opiates for migraine prevention

A man, age 29, came to me for treatment of incessant headache. It would awaken him about 6 AM and last all day My life, he said " is a constant headache". He gad not responded to any of the many antidepressants and anticonvulsants which we use for migraine. His only relief came with the use of aspirin in high dosage, some 12-15 tablets each day. Without that drug, he told me, he simply could not function. But he paid a price. He had been hospitalized twice for gaastrointestinal bleeding due to his aspirin therapy and had required blood transfusions on both occasions.

He had a strong family history of migraine and also a history of attention deficit disorder requiring treatment with Ritalin. That therapy was discontinued about age 10 for the drug as beginning to speed him up rather than slow him down. (Please see my previous blog- our response to drugs change occording to time and circumstance)

I believed the young man suffered migraine although it's presentation was most atypical. It lacked most of the defining features of that disease but I viewed the positive family history of typical migraine (father and sister) as supportive. Also supportive was the appearence of headache at the same time every day, very tycical for migraine. Lastly, the past history of attention deficit disorder because that disease and other features of the bipolar spectrum (see my books and blogs) has a high concordance with migraine. Interestingly. his.  headaches began at age 10, shortly after he stopped Ritalin. A coincidence?????.  Personally, I kind of doubt it.

My treatment options? He had failed conventional therapy. Would resumption of Ritalin have helped? Perhaps, but he refused. He recalled its unpleasent effects. He then offered my an incredible clue ( as my patients often do-and I have written on this subject) He told me that he had recently had dental surgery and been given the pain killing opiate, hydrocodone ( brand named Vicodin, Lortab, and Lorcet). The drug gave him immediate relief from headache and he remained pain free until his supply was exhausted.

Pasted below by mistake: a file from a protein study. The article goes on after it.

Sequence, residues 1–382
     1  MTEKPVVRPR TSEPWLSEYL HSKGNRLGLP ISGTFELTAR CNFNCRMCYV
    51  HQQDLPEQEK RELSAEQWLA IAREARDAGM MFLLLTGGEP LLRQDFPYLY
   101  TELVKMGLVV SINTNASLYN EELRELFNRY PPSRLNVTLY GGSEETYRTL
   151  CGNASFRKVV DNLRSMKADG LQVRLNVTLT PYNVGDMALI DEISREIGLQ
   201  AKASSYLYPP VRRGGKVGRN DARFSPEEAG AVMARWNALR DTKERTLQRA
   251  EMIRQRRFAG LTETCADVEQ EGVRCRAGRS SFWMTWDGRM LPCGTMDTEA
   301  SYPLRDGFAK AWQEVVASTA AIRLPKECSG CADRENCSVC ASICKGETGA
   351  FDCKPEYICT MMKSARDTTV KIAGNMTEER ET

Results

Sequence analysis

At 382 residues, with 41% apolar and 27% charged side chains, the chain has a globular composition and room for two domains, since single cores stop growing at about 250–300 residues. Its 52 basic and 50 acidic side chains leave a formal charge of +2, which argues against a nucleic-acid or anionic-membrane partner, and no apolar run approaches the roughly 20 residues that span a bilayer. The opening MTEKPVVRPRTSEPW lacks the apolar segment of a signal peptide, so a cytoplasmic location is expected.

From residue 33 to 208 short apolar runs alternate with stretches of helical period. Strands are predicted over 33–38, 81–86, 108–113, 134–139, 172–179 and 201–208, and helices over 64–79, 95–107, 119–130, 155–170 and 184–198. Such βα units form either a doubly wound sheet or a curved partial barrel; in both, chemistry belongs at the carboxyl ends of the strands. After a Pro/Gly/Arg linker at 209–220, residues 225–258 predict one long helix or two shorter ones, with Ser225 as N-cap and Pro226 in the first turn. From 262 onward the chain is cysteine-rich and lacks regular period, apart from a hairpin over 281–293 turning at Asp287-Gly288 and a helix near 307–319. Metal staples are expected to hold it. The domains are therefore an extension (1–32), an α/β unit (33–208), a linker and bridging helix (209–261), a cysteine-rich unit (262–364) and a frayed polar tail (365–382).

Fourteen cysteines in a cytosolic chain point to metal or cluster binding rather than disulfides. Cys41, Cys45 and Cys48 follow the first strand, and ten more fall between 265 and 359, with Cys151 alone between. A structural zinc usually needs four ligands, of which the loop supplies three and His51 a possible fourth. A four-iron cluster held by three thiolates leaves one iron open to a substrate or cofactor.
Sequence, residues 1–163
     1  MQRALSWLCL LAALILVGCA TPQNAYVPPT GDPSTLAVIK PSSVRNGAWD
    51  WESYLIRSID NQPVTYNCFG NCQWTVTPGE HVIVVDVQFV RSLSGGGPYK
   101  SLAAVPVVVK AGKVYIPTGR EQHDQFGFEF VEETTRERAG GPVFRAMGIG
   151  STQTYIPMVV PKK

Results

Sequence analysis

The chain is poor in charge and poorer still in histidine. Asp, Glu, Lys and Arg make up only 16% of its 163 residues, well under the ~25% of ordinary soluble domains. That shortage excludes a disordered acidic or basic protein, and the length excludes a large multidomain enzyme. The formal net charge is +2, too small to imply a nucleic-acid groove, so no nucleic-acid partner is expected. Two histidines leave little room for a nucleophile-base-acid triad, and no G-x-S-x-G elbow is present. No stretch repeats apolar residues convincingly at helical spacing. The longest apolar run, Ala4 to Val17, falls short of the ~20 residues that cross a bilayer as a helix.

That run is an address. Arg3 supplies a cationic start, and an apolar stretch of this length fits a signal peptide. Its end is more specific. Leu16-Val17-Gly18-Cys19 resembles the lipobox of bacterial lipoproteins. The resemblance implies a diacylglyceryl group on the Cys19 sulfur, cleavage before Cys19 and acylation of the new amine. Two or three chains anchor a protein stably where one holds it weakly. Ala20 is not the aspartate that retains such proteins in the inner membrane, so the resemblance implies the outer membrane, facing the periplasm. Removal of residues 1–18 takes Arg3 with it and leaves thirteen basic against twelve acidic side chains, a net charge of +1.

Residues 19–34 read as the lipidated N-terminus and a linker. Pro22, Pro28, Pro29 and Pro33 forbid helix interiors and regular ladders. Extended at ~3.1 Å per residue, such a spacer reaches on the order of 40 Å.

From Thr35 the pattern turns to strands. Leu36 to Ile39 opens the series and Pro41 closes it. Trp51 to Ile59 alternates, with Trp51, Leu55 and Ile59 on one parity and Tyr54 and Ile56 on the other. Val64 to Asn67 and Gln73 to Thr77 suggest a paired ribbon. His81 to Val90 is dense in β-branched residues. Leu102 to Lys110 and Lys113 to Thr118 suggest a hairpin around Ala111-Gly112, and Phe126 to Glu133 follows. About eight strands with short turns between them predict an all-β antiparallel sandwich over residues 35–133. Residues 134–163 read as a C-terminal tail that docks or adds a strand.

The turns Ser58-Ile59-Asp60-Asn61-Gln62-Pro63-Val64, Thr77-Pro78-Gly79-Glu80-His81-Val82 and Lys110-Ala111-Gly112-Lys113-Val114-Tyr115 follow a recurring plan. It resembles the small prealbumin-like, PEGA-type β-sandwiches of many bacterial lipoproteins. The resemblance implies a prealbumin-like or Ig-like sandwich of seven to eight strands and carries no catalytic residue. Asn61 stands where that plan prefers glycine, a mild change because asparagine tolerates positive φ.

It was an easy trade off for me. A marginally functional existence and repeated intestinal bleeding both under the sponorship of 12-15 aspirin tablets versus freedom from headache pain under the sponsorship of a widely used and relatively safe low order opiate. I prescribed hydrococone, 10 mg.

 four time daily (a rather small dose of opiate) and now several months into treatment is is doing quite well and his infrequent mild headache always respond to a couple of aspirin tablets.

Opiate therapy is not without risk but it can be effective in preventing migraine.

Write a comment

  • Required fields are marked with *.

If you have trouble reading the code, click on the code itself to generate a new random code.
kathy mccall Posts: 8
chronic headaches
Reply #4 on : Mon December 09, 2013, 20:00:29
Im looking to buy narcotic pain reliever for chronic & migrane headaches.I was taking fiorinal with codene, my doctor wont prescribe them because i became immuned to them. Im looking to buy something stronger than those.
Leigh Posts: 8
Chronic Migraines
Reply #3 on : Sun November 24, 2013, 14:11:41
I cannot get a Dr. who believes in opiates to treat migraines, I'm on disability because they never stop. How do I find an open minded DR who cares about my quality of life?
james ledbetter Posts: 8
Re: opiates for migraine prevention
Reply #2 on : Fri September 07, 2012, 17:54:59
I think more doctors should open the door to this kind of treatment for migraines.. I suffer wiwith them too. But because of the "pill problem" in my state, its impossible to get an opiate solution, and this is the only thing that helps my migraines. So I turn to buying these meds on the street, for street prices. 60 dollars a week is a small price to pay to be migraine free for over a month now. I used to take 8 to 10 excedrin migraine a day.
justin Posts: 8
Re: opiates for migraine prevention
Reply #1 on : Sat April 14, 2012, 23:16:16
I hope that docs realize that people will go to extremes and perhaps try or do dangerous things when desperate. A dose of 10-15 asprins a day sounds disgusting, and poisonous. To me thats like saying to a patient who comes in with a broken leg, "just go ahead and break up one of your fingers,and you'll forget about your leg hurting". Your just causing more damage by ignoring a patient (another human being) because you choose to be self rightous and say "my way is right, my way work better". A person in desperate need of help is going to tell you the truth because they dont have time to waste. Docs should listen because their patient may end up trying something that could kill or worse.